You might not have as many close friends as you think. Researchers have provided new evidence that lends weight to a theory that says you can only maintain five close friendships.
Tagged With relationships
Break-ups suck. There's no way around it. But now, somewhat perplexingly, Facebook wants to make it easier by offering a tool that will block your ex's name or photo from showing up and ruining your day.
Psychologist Peter Jonason of Western Sydney University is running a study examining who fakes orgasms (or other types of sexual pleasure) and why they decide to do it.
Breaking up is hard enough on its own, but when both you and your ex hang out on social media you can watch exactly how your (former) best beloved is moving on. A study in the journal Cyberpsychology, Behaviour, and Social Networking suggests that it's probably healthier to click on something like a cat video instead.
Psychologists John and Julie Gottman spent years observing couples' behaviour and developed a method that claims to predict a romantic relationship's chances of long-term success. They have (of course) used what they learned to create a $US750-per-couple workshop that aims to help people become better partners.
Dan Woodliff's Still is a powerful short film that shows the emotional roller coaster ride that can happen when you look back at your memories with someone you love. It's a mix of tense feelings, a whole lot of regret, a dash of hopefulness and a bit of happiness. Anyone who's been on the phone with an ex after a relationship can relate.
Video: In a charming TEDx talk at Binghamton University last year, complexity expert Hannah Fry applies her maths skills to romantic relationships. Watch as she explains how pattern theory may help you get dates, how to use optimal stopping theory to pick a spouse, and how an understanding of negativity thresholds can help your marriage succeed.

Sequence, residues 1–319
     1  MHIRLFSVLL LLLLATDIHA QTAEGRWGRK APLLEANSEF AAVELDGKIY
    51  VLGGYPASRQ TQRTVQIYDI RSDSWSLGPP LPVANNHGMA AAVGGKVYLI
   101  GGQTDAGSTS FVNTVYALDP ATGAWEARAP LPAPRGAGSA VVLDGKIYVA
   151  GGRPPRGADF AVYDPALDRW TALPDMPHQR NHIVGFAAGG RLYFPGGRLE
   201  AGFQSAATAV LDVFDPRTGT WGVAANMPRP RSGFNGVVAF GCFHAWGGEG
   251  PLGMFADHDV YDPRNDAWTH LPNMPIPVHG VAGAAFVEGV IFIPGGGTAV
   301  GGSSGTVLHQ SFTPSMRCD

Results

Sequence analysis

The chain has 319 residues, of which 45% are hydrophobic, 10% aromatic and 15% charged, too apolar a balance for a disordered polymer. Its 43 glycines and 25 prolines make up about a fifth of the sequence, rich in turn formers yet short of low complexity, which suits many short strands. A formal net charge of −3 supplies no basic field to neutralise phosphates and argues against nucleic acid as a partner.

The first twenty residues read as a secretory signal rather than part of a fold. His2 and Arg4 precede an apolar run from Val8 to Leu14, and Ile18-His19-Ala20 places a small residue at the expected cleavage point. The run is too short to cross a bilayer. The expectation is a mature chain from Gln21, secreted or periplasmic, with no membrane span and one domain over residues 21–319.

Video: Being in a relationship is hard. It doesn't matter if it's brand new or long term or just casual or really serious, trying to balance and figure out what two very different people want is so impossible that it's remarkable that it ever works out. This short by Sam Boyd starring Dakota Johnson shows how two couples are in a relationship.
That sensation you feel when you meet someone you like — that visceral pull towards another human being — there's biology behind that. And if there's biology behind that, it can be measured, and controlled for, and used to help determine if two people will be attracted to each other before they ever even meet in person. That's the theory behind a new wave of online dating trying to radically improve the matchmaking process by analysing your DNA.
Facebook pokes, LinkedIn romance, and how to deal with someone who doesn't understand email — that's what we're dealing with this week at User Manual, Gizmodo's weekly internet advice column. We're here to help!
The January 1987 issue of the legendary (and sadly, now defunct) Omni magazine included predictions from 14 "great minds" about what the world might look like in 20 years. By the year 2007, musician David Byrne believed that computers would do little for future musicians outside of their bookkeeping.